- Economist: "It's difficult to see this turning around the Greek economy anytime soon"
- Greece is trying to cut debt to 121% of GDP, down from 160%
- Greece approved an austerity pact this month, leading to riots
Eurozone finance ministers sealed a deal Tuesday morning for a second bailout for Greece, including €130 billion ($173 billion) in new financing.
The finance ministers from the 17 nations that use the euro, known as the Eurogroup, gave Greece the funding it needs to avoid a potential default next month.
While this new deal provides some short-term relief for Greece, difficult days lie ahead as the government tries to trim debt to 121% of the country's gross domestic product by 2020. Greece's debt now stands at about 160% of GDP.
The announcement came at an early morning press conference in Brussels after finance ministers met for more than 13 hours. "In the past two years and again this night, I've learned that 'marathon' is indeed a Greek word," said Olli Rehn, vice president of the European Commission. "But in the end we came to an agreement (that is) very far-reaching and important."
"It's clear that the Greek economy cannot rely anymore on a large public administration financed by cheap debt, but rather needs to lean on investment both Greek and foreign," Rehn said.
"This should give Greece enough space to improve its competitiveness," added Christine Lagarde, managing director of the International Monetary Fund, saying that the goal of the terms of the new bailout is to create growth for the Greek economy. "There are downside risks, that is clear."
Greece is in its fifth year of recession, and the government reported last week that Greece's GDP, the broadest measure of a nation's economic output, fell 6.8% last year.
That's much worse than the 6% contraction the government originally predicted. Fourth-quarter GDP also continued to decline, shrinking 7%, compared with a 5% decrease in the third quarter.
This new program will give "financial stability in Greece and in the euro area as a whole," the Eurogroup said in a statement announcing the deal. "The Eurogroup is fully aware of the significant efforts already made by the Greek citizens but also underlines that further major efforts by the Greek society are needed to return the economy to a sustainable growth path."
An austerity pact was approved by the Greek parliament on February 12, leading to some of the worst riots in the country in recent years. The package, which included deep cuts in government spending, wages and pensions, helped pave the way for eurozone finance ministers to sign off on Tuesday's new bailout deal.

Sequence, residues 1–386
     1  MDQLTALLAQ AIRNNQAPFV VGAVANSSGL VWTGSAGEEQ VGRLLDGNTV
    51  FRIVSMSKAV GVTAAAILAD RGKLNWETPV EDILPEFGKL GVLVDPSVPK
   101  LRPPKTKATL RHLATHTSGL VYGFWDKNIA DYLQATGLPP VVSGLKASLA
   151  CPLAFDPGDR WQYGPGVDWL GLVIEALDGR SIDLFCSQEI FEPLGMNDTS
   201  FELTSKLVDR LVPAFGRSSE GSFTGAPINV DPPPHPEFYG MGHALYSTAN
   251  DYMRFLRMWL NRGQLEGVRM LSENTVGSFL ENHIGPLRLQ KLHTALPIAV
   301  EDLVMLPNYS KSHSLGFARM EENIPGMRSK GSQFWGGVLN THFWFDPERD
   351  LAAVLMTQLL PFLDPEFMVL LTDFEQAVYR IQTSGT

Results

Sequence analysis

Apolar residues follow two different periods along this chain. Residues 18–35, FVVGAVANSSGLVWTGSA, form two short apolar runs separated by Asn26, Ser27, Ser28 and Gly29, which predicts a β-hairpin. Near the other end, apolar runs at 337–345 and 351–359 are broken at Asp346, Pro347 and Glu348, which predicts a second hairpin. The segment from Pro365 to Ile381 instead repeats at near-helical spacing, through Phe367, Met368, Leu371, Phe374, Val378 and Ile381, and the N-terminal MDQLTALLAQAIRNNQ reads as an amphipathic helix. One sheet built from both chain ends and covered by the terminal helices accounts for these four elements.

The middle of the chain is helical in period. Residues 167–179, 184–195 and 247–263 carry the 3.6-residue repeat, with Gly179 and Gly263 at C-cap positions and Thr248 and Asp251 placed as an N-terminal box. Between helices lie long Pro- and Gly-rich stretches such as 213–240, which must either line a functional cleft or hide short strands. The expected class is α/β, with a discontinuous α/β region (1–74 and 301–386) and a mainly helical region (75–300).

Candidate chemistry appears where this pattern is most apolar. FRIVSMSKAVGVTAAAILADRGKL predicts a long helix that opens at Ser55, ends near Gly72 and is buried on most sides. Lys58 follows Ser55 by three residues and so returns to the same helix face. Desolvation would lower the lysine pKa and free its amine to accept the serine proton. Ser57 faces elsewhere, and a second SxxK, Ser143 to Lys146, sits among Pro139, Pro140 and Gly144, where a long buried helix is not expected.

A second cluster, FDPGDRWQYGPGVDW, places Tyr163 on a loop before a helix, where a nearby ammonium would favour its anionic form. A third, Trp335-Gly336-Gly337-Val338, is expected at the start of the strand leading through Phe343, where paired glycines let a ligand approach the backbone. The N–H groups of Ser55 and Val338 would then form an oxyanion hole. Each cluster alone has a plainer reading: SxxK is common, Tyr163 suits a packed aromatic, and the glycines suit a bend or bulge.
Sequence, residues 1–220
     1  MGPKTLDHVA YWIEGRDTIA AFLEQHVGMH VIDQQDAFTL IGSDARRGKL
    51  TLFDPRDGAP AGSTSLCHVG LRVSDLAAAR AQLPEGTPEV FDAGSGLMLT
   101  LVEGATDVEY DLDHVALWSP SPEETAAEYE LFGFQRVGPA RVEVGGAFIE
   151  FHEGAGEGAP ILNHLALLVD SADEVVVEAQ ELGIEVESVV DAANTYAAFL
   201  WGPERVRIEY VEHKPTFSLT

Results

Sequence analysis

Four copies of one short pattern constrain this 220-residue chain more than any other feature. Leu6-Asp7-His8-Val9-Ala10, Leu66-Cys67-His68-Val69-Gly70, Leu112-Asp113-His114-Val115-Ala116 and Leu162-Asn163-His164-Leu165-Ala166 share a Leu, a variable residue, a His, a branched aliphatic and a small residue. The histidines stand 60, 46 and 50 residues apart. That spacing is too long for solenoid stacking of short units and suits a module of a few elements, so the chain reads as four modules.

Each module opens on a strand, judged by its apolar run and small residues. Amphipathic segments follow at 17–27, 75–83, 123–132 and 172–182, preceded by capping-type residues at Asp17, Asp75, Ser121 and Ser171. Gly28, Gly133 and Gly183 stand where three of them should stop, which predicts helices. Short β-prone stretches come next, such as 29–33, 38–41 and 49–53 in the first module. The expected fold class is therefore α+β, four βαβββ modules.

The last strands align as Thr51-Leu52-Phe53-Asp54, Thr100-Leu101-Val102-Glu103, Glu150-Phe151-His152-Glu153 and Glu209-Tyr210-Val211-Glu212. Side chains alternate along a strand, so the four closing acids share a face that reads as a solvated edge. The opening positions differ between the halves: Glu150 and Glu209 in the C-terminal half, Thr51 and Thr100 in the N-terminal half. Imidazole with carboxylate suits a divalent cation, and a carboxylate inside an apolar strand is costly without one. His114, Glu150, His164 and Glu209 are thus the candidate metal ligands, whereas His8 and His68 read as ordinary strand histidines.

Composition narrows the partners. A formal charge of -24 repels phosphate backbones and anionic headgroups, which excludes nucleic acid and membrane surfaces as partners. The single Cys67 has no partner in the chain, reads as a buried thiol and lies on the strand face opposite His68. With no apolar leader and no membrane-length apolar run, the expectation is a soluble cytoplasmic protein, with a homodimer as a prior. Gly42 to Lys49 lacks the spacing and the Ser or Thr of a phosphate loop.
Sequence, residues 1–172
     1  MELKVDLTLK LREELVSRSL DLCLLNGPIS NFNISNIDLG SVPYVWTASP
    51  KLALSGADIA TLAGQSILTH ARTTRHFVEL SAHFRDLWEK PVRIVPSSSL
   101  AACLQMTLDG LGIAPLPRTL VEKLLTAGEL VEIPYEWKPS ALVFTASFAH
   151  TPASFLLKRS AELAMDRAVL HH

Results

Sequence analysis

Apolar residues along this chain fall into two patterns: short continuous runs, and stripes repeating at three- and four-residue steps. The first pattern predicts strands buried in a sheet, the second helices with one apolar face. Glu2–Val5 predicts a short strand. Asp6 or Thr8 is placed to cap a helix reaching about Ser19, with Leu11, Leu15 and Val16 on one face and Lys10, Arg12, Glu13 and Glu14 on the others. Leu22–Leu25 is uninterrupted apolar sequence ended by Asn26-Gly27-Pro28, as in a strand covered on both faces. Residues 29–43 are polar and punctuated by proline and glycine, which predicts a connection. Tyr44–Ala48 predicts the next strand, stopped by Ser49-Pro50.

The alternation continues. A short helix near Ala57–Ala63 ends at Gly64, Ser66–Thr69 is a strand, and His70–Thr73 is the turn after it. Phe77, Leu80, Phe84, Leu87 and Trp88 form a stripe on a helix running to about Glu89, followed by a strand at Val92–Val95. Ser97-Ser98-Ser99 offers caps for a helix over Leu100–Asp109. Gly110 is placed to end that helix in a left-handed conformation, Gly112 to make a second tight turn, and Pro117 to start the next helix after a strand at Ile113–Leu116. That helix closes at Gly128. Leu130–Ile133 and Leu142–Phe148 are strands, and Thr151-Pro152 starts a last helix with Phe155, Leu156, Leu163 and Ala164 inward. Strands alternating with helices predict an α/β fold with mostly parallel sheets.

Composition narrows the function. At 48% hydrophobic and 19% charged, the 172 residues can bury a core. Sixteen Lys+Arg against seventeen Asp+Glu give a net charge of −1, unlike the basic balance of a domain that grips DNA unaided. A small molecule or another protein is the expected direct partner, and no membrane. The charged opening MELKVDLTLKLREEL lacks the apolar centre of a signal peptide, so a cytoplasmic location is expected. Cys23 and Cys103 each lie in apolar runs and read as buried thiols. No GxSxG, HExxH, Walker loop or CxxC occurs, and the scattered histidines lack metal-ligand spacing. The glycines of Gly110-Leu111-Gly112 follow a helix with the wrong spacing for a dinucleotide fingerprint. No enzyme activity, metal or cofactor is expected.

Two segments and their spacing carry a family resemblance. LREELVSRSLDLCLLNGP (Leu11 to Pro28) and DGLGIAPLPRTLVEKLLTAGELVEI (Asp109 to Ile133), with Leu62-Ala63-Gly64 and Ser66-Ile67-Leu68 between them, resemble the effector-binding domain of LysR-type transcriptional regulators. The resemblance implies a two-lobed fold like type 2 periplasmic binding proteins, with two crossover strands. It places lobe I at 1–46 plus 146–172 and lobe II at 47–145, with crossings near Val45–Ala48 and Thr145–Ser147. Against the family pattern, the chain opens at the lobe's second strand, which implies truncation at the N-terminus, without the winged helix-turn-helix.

Tuesday's bailout deal "certainly removes some near-term risk," said Frederick Neumann, senior economist for HSBC in Hong Kong. "I think it's clear that questions will emerge whether Greece can stomach these cuts."
Greek voters are scheduled to head to the polls for parliamentary elections in April, a vote that will widely be viewed as a referendum on the tough austerity measures the nation faces.
Greece has also hammered out a plan to write down €100 billion worth of Greek government bonds and swap existing debt for securities with lower interest rates, a deal that would result in losses of 53.5% of nominal value for the private sector.
The euro raised a half percent against the dollar to 1.327 within minutes of the announcement, but otherwise market reaction was muted during Asia trading hours, suggesting investors have already priced in the bailout deal, analysts said.
"There are details to be worked out. Big work is done now, I think that will provide relief to financial markets," Neumann said. "But it's difficult to see this turning around the Greek economy anytime soon."
While the Greek economy is small compared to other eurozone countries -- "about the size of Connecticut compared to the rest of the United States," Neumann said -- the real threat is keeping the debt crisis and borrowing costs from spiraling to larger economies in the eurozone. A default by Greece could spark "a Lehman-like event," he said, referring to the collapse of the investment bank that catalyzed the 2008 financial crisis.
"I think we understand these issues much better than we did three years ago," Neumann said. "Kicking these issues down the road has been useful to some extent" because a default would be less likely to take the markets by surprise, he added.
"The next hurdle is to create a firewall to put up sufficient money to know that Ireland and Portugal won't be next," Neumann said. "This today is really short-term relief, but we'll probably be looking at these issues (at) some point."
There has been some speculation that Greece might exit the eurozone, but Eurogroup president Jean-Claude Juncker stressed ahead of Monday's meeting that Greece should remain a member of the euro currency union.
"It is the intention of nobody to have Greece outside of the eurozone," he said. "That would be a bad solution for Greece and ... a bad solution for the euro area."
The Greece deal is not the final step toward stabilizing eurozone debt woes. Pressure remains on both the IMF and the European Central Bank to provide more support measures, analysts said.
"From our perspective, clearly you need to have more firepower on the table," said economist Leif Eskesen at HSBC. "Investors are waiting to see if the European Central Bank will make more direct steps in the sovereign bond market, buying up debt from countries considered vulnerable like Spain and Italy."